Waimea resident Kameichi Yawata, recently celebrated his 100th birthday at Ho’oNani Place surrounded by family, friends, and members of CrossFit Allstar where he works out each week.
Yawata was born at Waialua Hospital on Oahu’s North Shore, on Jan. 25, 1914. He was raised in the small town and attended school until ninth grade — the highest grade offered at that time. He took odd jobs in Waialua until 1941, at the age of 27, when he got a job with a Japanese wholesaler that sold Japanese and local goods. The job took him to Maui, Kauai, Molokai and Lanai, though it did not bring him to Hawaii Island. When on Oahu, Kameichi would get off work at 3:30 p.m., then head over to his other job as a janitor for several businesses.
While doing some work on Maui, he was sent over to talk to someone at a local soda fountain. They didn’t buy much from him, but he did meet up with their salesgirl, Sylvia, and they fell in love. Sylvia and Kameichi Yawata were married when he was 36 years old, and they raised their son and daughter in Honolulu. At this point in his life, he left the Japanese wholesale store and became a candy salesman.
“Dentists best friend,” is a favorite quote of Yawata’s after mentioning this line of work. Eventually the candy store decided to sell different candies, so he went out on his own and started his own candy business since he already had the route and preferred his products. He retired at age 65 to help take care of his grandchildren. At that time, he went on his first trip out of Hawaii.
“It was a good trip,” Yawata said. “We went to the west coast and part of Canada.”
He and his wife also stopped by Disneyland for some fun. After this initial trip to the mainland, they started going to Las Vegas.
“We went on at least 20 trips,” he said, smiling. “We mostly played the slot machine. We didn’t win, you know, you put it all back.”
In 1997 his wife wasn’t feeling well and he couldn’t take care of her on his own in Honolulu, so he asked his son Ralph Yawata and daughter-in-law Priscilla to help them. The Waimea residents brought Kameichi and Sylvia back to their home and they lived all together for five years until Sylvia died. After 10 more years of being on his own in the ‘ohana at his son’s home, and a fall that landed him in the hospital and Hale Ho’ola in Honokaa, Ralph Yawata suggested that his father go over to Ho’oNani Place instead of sitting at home alone during the day.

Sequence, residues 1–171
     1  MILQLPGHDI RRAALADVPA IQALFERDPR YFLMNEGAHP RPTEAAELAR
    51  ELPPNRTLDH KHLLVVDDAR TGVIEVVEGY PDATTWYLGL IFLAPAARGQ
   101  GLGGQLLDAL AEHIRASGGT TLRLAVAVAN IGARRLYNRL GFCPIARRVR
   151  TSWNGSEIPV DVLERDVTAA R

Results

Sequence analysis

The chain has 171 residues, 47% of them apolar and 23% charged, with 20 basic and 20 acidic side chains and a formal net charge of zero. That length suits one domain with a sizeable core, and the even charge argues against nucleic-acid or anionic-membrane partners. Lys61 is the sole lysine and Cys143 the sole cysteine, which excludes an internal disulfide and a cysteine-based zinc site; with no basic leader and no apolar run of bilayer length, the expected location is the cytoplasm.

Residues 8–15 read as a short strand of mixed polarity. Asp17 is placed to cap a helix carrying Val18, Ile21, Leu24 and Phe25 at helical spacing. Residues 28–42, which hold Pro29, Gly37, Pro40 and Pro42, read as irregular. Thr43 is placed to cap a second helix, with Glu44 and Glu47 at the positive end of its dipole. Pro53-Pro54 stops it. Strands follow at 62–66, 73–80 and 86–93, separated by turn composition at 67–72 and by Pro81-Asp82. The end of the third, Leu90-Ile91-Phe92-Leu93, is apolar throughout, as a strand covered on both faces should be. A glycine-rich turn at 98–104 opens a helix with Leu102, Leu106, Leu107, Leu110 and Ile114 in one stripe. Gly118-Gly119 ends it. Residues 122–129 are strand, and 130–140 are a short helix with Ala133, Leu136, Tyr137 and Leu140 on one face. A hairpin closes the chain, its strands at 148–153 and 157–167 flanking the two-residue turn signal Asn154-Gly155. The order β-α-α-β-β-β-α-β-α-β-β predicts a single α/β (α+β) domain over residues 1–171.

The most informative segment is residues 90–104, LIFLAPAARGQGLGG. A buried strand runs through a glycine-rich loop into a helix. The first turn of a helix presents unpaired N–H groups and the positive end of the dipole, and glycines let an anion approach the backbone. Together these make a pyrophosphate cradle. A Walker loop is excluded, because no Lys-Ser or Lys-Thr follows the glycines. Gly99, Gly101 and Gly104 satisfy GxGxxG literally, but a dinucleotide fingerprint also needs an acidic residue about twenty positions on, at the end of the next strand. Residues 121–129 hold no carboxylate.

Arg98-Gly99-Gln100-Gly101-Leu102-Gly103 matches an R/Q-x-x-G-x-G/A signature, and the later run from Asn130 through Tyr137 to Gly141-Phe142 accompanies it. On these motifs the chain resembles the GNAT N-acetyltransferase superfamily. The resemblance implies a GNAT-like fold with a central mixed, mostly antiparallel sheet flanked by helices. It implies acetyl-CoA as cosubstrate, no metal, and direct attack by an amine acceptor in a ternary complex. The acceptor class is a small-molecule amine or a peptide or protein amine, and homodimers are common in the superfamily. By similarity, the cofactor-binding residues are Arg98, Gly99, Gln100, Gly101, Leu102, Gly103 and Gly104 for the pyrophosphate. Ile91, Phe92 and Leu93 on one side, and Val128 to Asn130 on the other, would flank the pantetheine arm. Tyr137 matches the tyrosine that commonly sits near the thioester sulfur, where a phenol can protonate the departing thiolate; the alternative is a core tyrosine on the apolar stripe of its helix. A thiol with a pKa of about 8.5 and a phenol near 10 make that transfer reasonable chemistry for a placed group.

“It helped me a lot because I was staying home all doing nothing,” Kameichi Yawata said.
Nowadays, he attends Ho’oNani Place six days a week. He works out doing Kupuna CrossFit and yoga classes, led by volunteer Michiko Sato, weekly. Administrators from CrossFit headquarters will be coming out to Waimea in February to do a documentary on Yawata and his Kupuna CrossFit athletes, who are pioneers for older adults who are more than 80 years old and deserve to feel confident, strong and capable through workouts with measurable results. KC Stallsmith, Yawata’s coach, couldn’t be more proud of the determination of her kupuna athletes, and can’t wait for the “whole world to know how amazing they are!” To celebrate Yawata’s birthday, his Kupuna CrossFit team helped him do 100 squats, with Yawata completing 60 on his own.
For Yawata’s 100th birthday, his son had offered to take his dad to Japan but he said he’d rather stay with his friends and celebrate at Ho’oNani. This past weekend, Kameichi’s daughter and son-in-law flew over from Oahu and they all gathered at Ho’oNani Place on Saturday with family, friends, coaches and medical professionals to enjoy good food and great company. Rob Decker volunteered his musical talents for the event.
With great humility, Yawata’s advice is to try to keep up what you’re doing, try to stay healthy and take one day at a time. When asked about turning 100 and being a CrossFit AllStar athlete, Yawata said, “If I can do it, you can do it!”